During my trip to Ghana and my 2 years working for the Methodist Church in Kenya, I witnessed something extraordinary. Most of the people I met were poor and had all sorts of problems and hardships in their lives; yet, they praised God with such joy and enthusiasm. They rejoice and give thanks for the little things they have in life. Even in their poverty, they would feed you as if they have abundance; even if all they can serve you is bread and margarine. They rejoice and give thanks even if they have practically nothing. They taught me that thanksgiving is not about isolated occasions where you give thanks because you received something; rather, it is a lifestyle, way of life, and attitude in life. We are not only thankful because we have something; we are also thankful because we trust God. Thanksgiving is a state of mind. Just like the wife who can rejoice because her husband came home safely even if he didn’t bring her anything, while the children’s happiness is based on whether he brought any gifts or not, as our faith grows and matures, we can rejoice in God not because we have been blessed with a lot of gifts but because of the mere fact that we are God’s children and God wants an intimate and meaningful relationship with us. 

In the Book of Habakkuk, the prophet Habakkuk wrote a song of praise in the midst of desolation; “Though the fig tree does not blossom, and no fruit is on the vines; though the produce of the olive fails, and the fields yield no food; though the flock is cut off from the fold, and there is no herd in the stalls,  yet I will rejoice in the Lord; I will exult in the God of my salvation.” He praised God after his people lost everything from foreign invasion. He praised God like the Kenyan and Ghanaian Christians rejoice and praise God in their poverty and traumas. Thanksgiving is a lifestyle because our focus is on our relationship with God, and we recognize that this relationship is the biggest blessing. Our relationship is the good stuff, and gifts come as a bonus; they’re the small stuff. We can rejoice and praise God IF we can recognize that having God in our life is the biggest gift we can get. The primary goal of our faith should be rejoicing at the fact that God the Creator of heaven and earth made us, chose us, and loves us. And if the primary goal of prayer is our relationship and fellowship with God, we will not treat God like the Genie in the bottle and expect to get everything we ask for; we will be happy and content just being God’s beloved children no matter what we receive.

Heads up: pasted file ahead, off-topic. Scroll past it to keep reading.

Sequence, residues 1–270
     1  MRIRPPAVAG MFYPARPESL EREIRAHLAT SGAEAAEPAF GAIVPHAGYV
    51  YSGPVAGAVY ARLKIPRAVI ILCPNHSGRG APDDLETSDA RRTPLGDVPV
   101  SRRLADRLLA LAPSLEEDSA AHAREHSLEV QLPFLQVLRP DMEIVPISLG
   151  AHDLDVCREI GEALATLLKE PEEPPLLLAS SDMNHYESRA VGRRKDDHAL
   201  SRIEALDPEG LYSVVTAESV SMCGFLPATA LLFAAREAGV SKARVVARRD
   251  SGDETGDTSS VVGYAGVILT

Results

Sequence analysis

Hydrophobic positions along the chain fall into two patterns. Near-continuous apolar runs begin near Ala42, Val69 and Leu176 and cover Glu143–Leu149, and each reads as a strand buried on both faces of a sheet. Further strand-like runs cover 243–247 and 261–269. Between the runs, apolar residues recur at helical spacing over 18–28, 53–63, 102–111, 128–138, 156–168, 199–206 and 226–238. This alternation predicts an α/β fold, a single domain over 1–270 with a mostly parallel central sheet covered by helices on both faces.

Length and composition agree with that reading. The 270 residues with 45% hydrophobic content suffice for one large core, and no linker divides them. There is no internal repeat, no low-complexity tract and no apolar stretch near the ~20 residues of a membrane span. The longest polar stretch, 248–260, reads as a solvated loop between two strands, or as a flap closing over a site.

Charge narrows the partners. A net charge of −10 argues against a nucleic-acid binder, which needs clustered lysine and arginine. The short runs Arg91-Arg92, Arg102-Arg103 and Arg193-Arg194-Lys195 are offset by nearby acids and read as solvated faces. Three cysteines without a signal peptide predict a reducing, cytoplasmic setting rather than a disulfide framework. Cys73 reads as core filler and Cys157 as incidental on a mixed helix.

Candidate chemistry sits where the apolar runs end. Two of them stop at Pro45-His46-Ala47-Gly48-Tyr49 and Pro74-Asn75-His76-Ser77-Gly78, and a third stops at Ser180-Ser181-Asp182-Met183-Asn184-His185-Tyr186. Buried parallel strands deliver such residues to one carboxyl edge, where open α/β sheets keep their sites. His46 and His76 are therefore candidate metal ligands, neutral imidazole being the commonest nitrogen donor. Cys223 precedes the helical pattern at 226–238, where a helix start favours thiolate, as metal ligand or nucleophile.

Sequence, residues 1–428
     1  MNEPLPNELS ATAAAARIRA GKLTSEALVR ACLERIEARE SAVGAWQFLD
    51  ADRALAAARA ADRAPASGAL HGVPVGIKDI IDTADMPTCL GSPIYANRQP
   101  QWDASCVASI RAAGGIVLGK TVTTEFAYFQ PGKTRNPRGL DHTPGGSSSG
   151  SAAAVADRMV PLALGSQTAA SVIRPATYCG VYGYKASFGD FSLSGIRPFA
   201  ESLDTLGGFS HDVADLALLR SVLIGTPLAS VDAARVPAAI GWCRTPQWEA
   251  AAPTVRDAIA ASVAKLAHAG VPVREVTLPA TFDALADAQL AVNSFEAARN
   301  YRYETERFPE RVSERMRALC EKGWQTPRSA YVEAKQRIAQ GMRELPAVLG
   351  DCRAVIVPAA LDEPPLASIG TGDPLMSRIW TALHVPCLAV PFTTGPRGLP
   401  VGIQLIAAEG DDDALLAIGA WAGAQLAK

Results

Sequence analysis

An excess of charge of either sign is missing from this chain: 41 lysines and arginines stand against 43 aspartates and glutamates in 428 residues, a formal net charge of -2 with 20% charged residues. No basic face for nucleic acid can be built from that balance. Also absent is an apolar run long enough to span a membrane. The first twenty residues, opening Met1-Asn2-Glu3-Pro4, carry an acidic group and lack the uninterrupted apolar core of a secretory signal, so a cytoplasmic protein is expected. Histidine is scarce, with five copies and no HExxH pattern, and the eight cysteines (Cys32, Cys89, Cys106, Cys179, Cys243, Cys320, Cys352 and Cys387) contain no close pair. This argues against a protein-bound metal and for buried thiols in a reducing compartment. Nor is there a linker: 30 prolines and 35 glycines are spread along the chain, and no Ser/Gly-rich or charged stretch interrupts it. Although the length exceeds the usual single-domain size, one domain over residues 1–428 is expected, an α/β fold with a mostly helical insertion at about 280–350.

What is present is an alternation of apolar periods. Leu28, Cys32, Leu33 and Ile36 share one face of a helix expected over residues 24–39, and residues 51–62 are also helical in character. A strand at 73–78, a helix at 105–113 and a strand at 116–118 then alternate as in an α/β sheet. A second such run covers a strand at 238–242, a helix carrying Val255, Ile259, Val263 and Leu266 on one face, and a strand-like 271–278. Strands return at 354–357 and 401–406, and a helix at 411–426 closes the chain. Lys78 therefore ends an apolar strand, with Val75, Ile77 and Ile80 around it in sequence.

At this point, I feel that I have to add a footnote to Jesus’ teaching about not worrying. It may be easy for us to receive this teaching because none of us is destitute. But there are people around the world who really have nothing; they starve because they have no food, they freeze because they have neither clothes nor homes. Some people cry out, “What is God doing? Why does God let people starve, freeze, or be without homes?” I’ve heard a lot of people blame God for human suffering. So, while I preach about “Don’t worry; God will take care of you,” I would like to point out that God taught us to be the agents of God’s kingdom values; we are taught to take care of each other and bring God’s reign of love and justice to our world. If our brothers and sisters are starving, what are we doing to change it? God didn’t fail them; we did. If we believe that God will take care of our needs, as God’s children and disciples of Jesus, we should make sure our brothers and sisters are cared for. It’s our job because God works through us. That was my footnote for today’s gospel text.

On this Thanksgiving Sunday, I am reminding you that God, who takes care of flowers and birds promises to take care of us, in the knowledge that God works through us (so, we have to do God’s work). Let us meditate on different ways in which God has blessed us but focus on the biggest blessing of them all; that we are God’s beloved children. Let us strengthen our relationship with God so that we can praise God like Habakkuk, who said; “Though the fig tree does not blossom, and the fields yield no food; yet I will rejoice in the Lord.” Today is not only Thanksgiving Sunday but also World Communion Sunday, and we will have the Holy Communion. With your thankful hearts, come to the Lord’s table and share with your brothers and sisters around the world the abundance of God’s love. 

Rev. Sunny Kim